Book Review — Long Goodbye: The Deaths of Nancy Cruzan

May-June 2003

Long Goodbye: The Deaths of Nancy Cruzan
By William H. Colby
Hay House, Carlsbad, CA
415 pp., 2002, $27.95

REVIEWED BY FR. KEVIN O'ROURKE, OP, JCD

Nancy Beth Cruzan was injured seriously in a one-car accident on January 11, 1983, on an isolated country road in southwest Missouri. Arriving early at the accident scene, Dale Lappin and his father George found that Nancy had been thrown from the car. They thought she was dead, but called an ambulance anyway. After working for "a long time," the emergency crew was able to restore a heartbeat and took the unconscious Nancy Beth first to a hospital clinic and then to Freeman Hospital in nearby Joplin, MO. Nancy's parents, Joyce and Joe Cruzan, having been notified of Nancy's accident by their daughter Chris Cruzan White, were quick to arrive at the hospital's emergency room. Thus did Joyce, Joe, and Chris begin a vigil of care and concern for Nancy Beth that would last almost eight years.

At first, at the urging of doctors and friends, the Cruzans sought rehabilitation for Nancy Beth, hoping that consciousness might be restored. But after two years she was moved to a state hospital for brain- injured patients in Mount Vernon, MO, about 50 miles from Joplin. The injury to her cerebral cortex—the thinking, loving, and relating part of the brain—was so severe that there was little hope of recovery.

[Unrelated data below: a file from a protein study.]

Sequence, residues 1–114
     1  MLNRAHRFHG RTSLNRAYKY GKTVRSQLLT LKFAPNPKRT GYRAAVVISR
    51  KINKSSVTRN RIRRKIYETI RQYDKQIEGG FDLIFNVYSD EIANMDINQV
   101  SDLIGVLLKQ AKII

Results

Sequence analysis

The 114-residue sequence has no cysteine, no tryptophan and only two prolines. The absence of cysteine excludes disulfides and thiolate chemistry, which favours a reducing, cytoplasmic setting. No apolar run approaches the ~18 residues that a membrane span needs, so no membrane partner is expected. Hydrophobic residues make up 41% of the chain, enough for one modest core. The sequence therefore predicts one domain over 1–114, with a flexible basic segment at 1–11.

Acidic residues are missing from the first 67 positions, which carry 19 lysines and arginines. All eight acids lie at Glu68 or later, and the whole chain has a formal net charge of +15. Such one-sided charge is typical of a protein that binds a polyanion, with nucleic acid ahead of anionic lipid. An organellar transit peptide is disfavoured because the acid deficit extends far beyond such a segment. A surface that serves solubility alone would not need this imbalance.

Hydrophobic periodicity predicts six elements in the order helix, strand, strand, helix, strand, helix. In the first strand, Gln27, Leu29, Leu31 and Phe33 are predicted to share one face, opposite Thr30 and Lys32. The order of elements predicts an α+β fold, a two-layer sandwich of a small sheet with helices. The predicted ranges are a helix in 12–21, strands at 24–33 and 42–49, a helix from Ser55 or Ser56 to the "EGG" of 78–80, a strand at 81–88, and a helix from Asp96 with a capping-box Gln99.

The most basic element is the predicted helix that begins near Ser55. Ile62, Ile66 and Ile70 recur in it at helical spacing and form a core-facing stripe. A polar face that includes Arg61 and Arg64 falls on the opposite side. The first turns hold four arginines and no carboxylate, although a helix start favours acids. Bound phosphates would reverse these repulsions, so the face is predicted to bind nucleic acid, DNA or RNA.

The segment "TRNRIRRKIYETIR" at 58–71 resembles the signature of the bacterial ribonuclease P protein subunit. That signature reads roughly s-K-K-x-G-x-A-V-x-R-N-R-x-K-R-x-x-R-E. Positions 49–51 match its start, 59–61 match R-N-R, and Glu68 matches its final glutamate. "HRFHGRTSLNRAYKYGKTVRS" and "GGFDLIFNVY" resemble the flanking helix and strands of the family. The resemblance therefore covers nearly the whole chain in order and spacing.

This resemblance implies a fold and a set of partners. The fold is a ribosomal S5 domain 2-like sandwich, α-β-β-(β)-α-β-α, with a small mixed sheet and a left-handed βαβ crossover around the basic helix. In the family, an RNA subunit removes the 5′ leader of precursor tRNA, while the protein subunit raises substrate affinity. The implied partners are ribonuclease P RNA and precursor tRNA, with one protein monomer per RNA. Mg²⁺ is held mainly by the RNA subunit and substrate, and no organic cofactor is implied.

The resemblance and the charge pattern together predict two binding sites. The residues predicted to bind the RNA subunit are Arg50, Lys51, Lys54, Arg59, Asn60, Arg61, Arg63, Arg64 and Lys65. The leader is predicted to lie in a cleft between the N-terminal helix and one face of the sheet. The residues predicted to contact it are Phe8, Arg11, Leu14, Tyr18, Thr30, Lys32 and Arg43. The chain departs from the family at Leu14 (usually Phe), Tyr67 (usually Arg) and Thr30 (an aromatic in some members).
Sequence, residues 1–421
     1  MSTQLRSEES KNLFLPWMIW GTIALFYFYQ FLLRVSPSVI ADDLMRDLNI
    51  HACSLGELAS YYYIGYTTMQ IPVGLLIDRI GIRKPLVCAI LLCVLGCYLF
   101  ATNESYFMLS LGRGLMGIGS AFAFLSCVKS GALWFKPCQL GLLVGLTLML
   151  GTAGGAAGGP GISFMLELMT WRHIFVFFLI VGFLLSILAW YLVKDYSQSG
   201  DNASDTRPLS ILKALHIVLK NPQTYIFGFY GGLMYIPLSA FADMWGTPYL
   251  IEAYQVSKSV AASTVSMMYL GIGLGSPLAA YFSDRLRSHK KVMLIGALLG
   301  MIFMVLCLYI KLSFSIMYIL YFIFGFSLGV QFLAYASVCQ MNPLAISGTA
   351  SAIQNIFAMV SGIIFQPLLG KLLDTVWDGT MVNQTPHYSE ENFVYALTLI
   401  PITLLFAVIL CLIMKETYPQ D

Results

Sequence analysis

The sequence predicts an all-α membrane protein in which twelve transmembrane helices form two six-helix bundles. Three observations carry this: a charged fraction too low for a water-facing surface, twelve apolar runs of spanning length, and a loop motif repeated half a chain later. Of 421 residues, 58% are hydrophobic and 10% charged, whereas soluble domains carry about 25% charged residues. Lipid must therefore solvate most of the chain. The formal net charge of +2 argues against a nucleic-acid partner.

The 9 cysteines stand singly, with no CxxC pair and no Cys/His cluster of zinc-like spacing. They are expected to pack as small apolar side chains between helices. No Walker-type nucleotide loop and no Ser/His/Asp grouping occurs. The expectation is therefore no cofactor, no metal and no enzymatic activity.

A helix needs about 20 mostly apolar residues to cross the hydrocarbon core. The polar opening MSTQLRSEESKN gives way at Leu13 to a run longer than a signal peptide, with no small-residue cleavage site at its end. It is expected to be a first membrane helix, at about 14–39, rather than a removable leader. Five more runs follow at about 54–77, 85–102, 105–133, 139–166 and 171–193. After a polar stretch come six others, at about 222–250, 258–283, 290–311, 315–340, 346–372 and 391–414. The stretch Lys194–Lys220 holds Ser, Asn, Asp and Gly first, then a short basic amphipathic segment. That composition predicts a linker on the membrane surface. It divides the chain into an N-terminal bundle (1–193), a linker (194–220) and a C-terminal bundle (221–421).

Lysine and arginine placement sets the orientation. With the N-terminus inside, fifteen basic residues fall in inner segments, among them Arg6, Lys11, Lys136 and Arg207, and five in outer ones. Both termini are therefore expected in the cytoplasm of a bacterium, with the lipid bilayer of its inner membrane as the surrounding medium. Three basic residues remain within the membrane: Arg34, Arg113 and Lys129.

This condition is often referred to as "persistent vegetative state." Though some object to this terminology, it is clear that people can be in such an unresponsive condition for years, with no hope that they will regain meaningful human function. Often, in the initial stages of this cerebral pathology, life support in the form of artificial hydration and nutrition will be administered to the patient in the hope that such sustenance may enable the body to recover at least some of its cerebral function.

This form of life support was given to Nancy Beth in the early stages of her recuperation. But it was not effective, and in August 1988 the Cruzan family sought to have this form of life support removed because it was not helping Nancy Beth to recover. "Most of the time when a young adult such as Nancy Beth Cruzan has an accident, her loved ones talk to doctors and make medical decisions as a group," writes the author of this book. "When disputes arise, they are worked out at the bedside" (p. 63).

In the Catholic tradition of medical ethics, "hope of benefit" and "excessive burden" are the criteria that guide decision making of physicians and patient proxies (who are usually family members) as they make efforts to confront this difficult decision (see Directives 56 and 57, and the endnotes to them, in the Ethical and Religious Directives for Catholic Health Care Services*). The purpose of withholding life support is not to kill the patient, but rather to avoid doing something that is useless or an excessive burden. Often, the patient dies as a result of removing life support, but this is not the intention of the action. Rather, death is an unintended side effect. But, in the case of Nancy Beth, the administrators of the state rehabilitation hospital in Mount Vernon declined to remove the life support without a court order. Enter the author of the book, the Cruzans's lawyer and later friend, William Colby, who guided the Cruzans through the court system of Missouri and then to the Supreme Court of the United States.

* Ethical and Religious Directives for Catholic Health Care Services, 4th ed., U.S. Conference of Catholic Bishops, Washington, DC, 2001, pp. 31 and 42.